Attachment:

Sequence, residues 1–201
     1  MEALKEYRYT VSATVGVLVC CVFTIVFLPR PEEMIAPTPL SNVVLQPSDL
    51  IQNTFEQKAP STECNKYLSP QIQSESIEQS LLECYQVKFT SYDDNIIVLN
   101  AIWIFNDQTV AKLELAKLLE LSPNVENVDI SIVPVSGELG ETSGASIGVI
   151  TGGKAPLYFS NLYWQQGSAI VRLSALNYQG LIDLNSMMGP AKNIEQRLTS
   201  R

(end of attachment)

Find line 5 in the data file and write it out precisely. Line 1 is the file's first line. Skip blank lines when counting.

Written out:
   151  TGGKAPLYFS NLYWQQGSAI VRLSALNYQG LIDLNSMMGP AKNIEQRLTS